Natalie Martin argues that buying sperm from the US while outlawing the purchase of sperm from donors within Canada just doesn’t make sense.
Canada has a sperm problem.
In 2004 Canada’s Assisted Human Reproduction Act made it illegal to pay sperm donors. Health Canada and the Canadian government cite two ethical justifications for banning the sale of sperm. The first worry is that sperm should not be considered a mere commodity. The second is a worry about the health and safety of recipients and the children born from donor sperm.
This ban, along with the introduction of strict regulatory requirements for donors, has had a serious impact on Canada’s sperm supply.
Consider this – there used to be more than 100 banks collecting sperm donations in Canada. As of today, there is one single bank. At ReproMed, Canada’s only sperm bank accepting donations, there are 29 altruistic Canadian donors. These donors cannot meet Canadian demand. So, about 90 percent of the sperm used in Canada comes from American clinics where donors are paid for their sperm.
This raises one worry about the safety of supplementary markets. One 30 million dollar lawsuit claims that an American sperm bank, and its Canadian distributor, misled seven Canadian families about a donor’s identity — including his education, employment, and genetic history. This concern pertains to a lack of adequate regulation.
Conversely, the presence of certain regulations in these markets might also be problematic. For example, a law enshrining donor anonymity might hinder the ability for Canadian children conceived from international sperm to access reliable genetic information. A well-regulated domestic supply would avoid both these worries.
But perhaps Health Canada is correct — commodifying sperm is wrong. If that is the case, then we should think that it is wrong in all jurisdictions, not just in Canada. Worries about commodification will arise in all cases (not just the ones that involve Canadian donors.) Geographical boundaries should not affect our ethical principles.
If you accept the commodification argument, one policy implication would be outlawing the purchase of American sperm in Canada.
And unless alternative, non-commodifying distributive policies are adopted (like an adoption model for gametes), the only ethical way to receive sperm would be as a gift. We might call this a gift economy – where valuables are not sold, but instead gifted from one party to another.
A gift economy in sperm would introduce its own complications. It might drastically limit the availability of sperm for prospective parents. This is especially concerning for individuals who already have difficulty exercising their reproductive autonomy and rely on assisted reproductive practices to do so. It would also limit the choices available to these recipients. Prospective parents have desires about qualities their sperm donor should possess, and relying solely on altruism would obscure their ability to exercise these desires. Consider, for example, the fact that ReproMed’s Donor 3157 is the only Black sperm donor in Canada.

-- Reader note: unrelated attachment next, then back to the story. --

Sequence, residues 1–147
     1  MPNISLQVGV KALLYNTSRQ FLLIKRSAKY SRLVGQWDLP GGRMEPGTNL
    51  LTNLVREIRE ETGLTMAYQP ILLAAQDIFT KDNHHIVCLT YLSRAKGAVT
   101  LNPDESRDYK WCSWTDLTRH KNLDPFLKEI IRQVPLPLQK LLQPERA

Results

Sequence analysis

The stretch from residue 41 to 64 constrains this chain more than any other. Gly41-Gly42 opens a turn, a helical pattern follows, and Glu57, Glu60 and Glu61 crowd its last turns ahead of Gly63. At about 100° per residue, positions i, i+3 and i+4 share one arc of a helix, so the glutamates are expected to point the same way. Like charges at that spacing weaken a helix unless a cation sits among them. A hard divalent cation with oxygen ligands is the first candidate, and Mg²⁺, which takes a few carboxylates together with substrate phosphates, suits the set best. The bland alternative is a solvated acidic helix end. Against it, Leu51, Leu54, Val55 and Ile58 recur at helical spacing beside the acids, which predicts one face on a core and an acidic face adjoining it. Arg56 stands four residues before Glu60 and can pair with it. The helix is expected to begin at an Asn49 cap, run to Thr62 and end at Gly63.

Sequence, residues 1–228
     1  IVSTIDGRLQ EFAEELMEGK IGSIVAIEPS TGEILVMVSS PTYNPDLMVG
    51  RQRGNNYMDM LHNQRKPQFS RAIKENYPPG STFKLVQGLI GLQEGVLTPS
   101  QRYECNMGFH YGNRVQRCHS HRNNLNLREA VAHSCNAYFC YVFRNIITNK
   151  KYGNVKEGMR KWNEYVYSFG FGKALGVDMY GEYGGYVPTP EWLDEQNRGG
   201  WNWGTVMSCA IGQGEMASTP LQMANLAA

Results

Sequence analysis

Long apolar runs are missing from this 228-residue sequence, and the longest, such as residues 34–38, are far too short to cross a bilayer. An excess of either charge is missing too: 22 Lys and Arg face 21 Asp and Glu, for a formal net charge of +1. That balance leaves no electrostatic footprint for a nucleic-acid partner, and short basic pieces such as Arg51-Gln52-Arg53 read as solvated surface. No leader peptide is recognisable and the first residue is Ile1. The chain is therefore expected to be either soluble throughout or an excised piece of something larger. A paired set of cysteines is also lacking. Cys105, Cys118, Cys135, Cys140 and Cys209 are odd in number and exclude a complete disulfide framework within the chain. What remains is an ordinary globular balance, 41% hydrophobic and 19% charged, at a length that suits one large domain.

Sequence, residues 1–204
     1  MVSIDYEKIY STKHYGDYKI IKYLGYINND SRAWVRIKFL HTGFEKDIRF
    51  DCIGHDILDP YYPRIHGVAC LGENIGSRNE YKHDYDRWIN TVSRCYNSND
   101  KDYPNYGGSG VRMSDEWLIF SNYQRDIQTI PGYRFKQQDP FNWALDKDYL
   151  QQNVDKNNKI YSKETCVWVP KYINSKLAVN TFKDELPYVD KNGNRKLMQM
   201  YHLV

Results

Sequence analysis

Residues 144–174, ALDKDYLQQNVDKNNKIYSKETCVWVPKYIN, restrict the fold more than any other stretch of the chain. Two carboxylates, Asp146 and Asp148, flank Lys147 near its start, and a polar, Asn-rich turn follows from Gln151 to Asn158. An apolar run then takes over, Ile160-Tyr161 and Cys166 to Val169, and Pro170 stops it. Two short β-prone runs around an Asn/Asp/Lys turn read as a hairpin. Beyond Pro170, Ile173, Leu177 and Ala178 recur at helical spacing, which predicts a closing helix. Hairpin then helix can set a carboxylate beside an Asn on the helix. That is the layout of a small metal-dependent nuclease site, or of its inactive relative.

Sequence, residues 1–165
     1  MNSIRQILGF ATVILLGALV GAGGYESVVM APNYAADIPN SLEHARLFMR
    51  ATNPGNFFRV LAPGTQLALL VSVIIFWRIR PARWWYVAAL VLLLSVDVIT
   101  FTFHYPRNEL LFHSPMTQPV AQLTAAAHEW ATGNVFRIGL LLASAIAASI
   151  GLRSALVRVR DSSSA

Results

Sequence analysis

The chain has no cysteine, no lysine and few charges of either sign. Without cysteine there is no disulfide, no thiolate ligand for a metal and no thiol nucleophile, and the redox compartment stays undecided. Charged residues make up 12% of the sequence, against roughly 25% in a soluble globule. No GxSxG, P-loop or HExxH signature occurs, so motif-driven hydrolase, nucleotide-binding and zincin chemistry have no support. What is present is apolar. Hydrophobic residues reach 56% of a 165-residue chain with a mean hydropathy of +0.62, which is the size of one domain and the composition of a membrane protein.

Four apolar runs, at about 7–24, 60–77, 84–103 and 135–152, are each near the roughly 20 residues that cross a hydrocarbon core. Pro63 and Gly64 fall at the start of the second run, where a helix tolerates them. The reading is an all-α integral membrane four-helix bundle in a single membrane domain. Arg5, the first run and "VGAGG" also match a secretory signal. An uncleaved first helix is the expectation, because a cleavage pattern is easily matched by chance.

Receiving or giving a gift is also very different from participating in a sale. When you purchase something you have different rights – you can set contractual expectations, ask questions about a product, and so on. In the context of buying sperm, government regulation could further protect both the donor and recipient by restricting donation eligibility or setting compensation limits. Gift markets do not have this benefit.
It seems that consistently prohibiting the commodification of sperm would lead to undesirable results – especially for those who already face barriers in exercising their reproductive autonomy.
Of course, there may be significant ethical worries about how sperm should be sold. One might have valid concerns about coercion of donors, for example, or the perpetuation of harmful social narratives like valuing genetic family ties over non-genetic ones.
Notice that these worries are not inherent or unique to the sale of sperm. We see similar worries expressed in other markets. Consider the labour market, for example. To prevent employee manipulation, restrictions govern overtime pay and mandate break-time. This demonstrates that exploitation can be addressed with careful regulation versus widespread bans.
Other concerns about harmful social narratives reach beyond selling sperm. For example, one might worry that selling sperm reinforces the ideal that families must have or mimic shared genetic traits, or that women should pursue childbearing at any financial cost. The sale of sperm might mirror or exacerbate these kinds of social narratives, but it does not manufacture them. Nor is it responsible for dismantling them. Instead, proper market regulation might prevent harmful narratives from manifesting themselves in our exchanges.
In fact, I argue that most concerns about well-being could be addressed with different regulatory strategies. Surely clinics should have clear standards for who can donate, how often they can donate, what level of consent they must express, and so forth. Notice that these restrictions do not suppose that there is something wrong with selling sperm. Instead, they suggest that there might be something wrong with the ways in which sperm is sold.
Luckily – these are the kinds of things that we could regulate with more Canadian donors.
But, the current lack of sperm donors in Canada makes it clear: altruism is not a compelling enough incentive for people to donate.
Natalie Martin is a second year PhD student in the philosophy department at the University of Toronto. @natfoundland